The high point -- so far -- for Stanford came in the early 90s with a number of dominating regional championships and excellent national tournament showings. In 1991, Doug Bone captained Bard Cosman, Gordon Dow, David Wang, and the quiet but dangerous Steve Irish to a solid showing at the National Championship Tournament. The retirement of Dr. Cosman had Cardinal fans worried for the following season, but the return of Frazee from a European hiatus and Overdeck from an unconfirmed barnstorming career raised their hopes. What no one could anticipate was the arrival of freshman Gerard Magliocca. When he buzzed in correctly with "Wealth of Nations" after the lead-in "Written in 1776 ..." at an on-campus tournament, it was clear that there was a new force to be reckoned with. A series of grueling try-outs resulted in the selection of Steve Lin as the alternate, over a field of entrants who would have been certain varsity starters at virtually any other school. The regular attendance of these and other stalwarts at practices was a key factor in the varsity success to follow. The varsity squad typically lost more matches at each week's practice than in entire intercollegiate tournaments. Bone, Frazee, Overdeck, Magliocca, and Lin went on to take second place at the National Championship tournament, with Overdeck following in Cosman's footsteps as an All-Star selection. The result for the year was also a fitting send-off for Captain Bone, who used his last year of eligibility while permanently instilling the precepts of sound playing in his teammates. For the 1992-93 season, the departure of Bone and Overdeck left room for up-and-comers, and intramural veteran Bill Kirby, Kyle Graham, and Dan Green contributed to the varsity squad. The team won an exciting regional tournament at which such teams as UC Davis, Cal State LA, Claremont McKenna, and Pomona thought it was their turn, but in the end Stanford prevailed. Another National Championship Tournament waited, and another first division showing resulted. The fact that anything short of a National Championship was a disappointment to some shows the heightening of expectations in the Stanford program.

During this phase, the Stanford tournament machine was in full force as well. Apart from the official intramural, regional, and national tournaments, Stanford was also running the Cardinal Classic (the premier West Coast invitational inaugurated in 1991), the Summer "Open" tournament in which anyone could play, the Individual Tournament on Memorial Day Weekend, and the "Big Buzz" grudge match against UC Berkeley during Big Game week. The Open Tournament has been particularly popular because all of the alumni, retirees, friends, and other hangers-on can play. (Also, the Huddled Mass had yet another opportunity to beat the Nucleotides.) This has resulted in some of the most competitive games anywhere in the nation. The Individual Tournament also lets anyone play, and the "naked" feeling of playing without teammates provides a thrill unmatched by any other competition. The past and current stars from all over the state, including "Jeopardy!" Quarter-Finalist Ron Trigueiro of Fresno, have traveled to the event.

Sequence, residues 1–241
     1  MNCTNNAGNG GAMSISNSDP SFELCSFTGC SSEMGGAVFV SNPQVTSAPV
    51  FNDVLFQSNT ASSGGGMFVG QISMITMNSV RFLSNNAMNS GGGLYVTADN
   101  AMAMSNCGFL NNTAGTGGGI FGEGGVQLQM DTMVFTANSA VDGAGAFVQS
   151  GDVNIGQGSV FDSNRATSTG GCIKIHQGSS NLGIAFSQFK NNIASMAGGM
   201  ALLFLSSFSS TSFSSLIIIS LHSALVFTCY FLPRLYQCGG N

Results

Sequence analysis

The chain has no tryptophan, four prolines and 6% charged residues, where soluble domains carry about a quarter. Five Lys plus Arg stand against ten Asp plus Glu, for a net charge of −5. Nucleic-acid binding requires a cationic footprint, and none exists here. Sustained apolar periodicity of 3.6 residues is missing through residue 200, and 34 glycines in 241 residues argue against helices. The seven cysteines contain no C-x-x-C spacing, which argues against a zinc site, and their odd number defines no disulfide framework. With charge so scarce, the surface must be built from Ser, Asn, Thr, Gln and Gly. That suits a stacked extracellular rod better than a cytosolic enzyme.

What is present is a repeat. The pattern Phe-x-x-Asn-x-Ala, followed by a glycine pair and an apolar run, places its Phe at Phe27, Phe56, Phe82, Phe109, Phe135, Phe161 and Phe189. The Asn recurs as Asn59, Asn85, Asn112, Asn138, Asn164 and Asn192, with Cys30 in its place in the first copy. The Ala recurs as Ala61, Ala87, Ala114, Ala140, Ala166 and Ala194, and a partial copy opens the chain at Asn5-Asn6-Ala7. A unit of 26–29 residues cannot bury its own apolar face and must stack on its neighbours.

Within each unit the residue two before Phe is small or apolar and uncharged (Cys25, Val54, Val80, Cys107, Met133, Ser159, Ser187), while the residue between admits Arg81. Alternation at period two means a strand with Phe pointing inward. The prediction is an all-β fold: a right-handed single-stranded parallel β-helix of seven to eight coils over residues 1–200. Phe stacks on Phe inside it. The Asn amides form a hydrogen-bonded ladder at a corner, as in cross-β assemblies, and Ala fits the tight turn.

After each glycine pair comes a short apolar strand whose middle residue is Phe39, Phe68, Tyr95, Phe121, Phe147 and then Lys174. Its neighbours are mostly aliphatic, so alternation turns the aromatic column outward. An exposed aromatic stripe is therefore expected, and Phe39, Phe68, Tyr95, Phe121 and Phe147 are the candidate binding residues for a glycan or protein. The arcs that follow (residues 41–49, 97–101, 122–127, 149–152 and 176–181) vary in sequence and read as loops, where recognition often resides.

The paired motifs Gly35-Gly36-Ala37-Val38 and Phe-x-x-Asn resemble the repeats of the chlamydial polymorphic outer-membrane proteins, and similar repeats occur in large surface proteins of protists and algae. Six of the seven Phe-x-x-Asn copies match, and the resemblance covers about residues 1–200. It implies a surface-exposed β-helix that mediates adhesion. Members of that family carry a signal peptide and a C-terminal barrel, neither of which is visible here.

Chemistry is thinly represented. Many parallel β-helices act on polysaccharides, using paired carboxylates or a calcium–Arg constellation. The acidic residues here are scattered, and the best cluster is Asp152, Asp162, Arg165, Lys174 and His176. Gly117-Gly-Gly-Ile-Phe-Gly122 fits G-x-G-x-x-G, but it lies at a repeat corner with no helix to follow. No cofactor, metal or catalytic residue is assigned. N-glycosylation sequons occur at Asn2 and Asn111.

Present and Future

The conventional wisdom was that the 1994-95 season would mark the end of Stanford's dominance of the region, with the incredible talent at Berkeley finally ready to take over from a Stanford program that was experiencing significant turnover. Their plans were foiled, though, when the world-class skill of Magliocca plus some very promising new talent kept the Cardinal juggernaut on track with yet another regional championship. This was followed by an impressive sixth place finish at the National Championship Tournament, which included a 5-point loss to the undefeated champions from Harvard. Researchers have been unable to find a four-year run that matches Magliocca's Stanford career. The Cardinal performance added to the increasing heap of evidence that Stanford does College Bowl the right way, and it is a very positive sign that there will not need to be any "rebuilding year" in Stanford's near future.

Jeff Demmin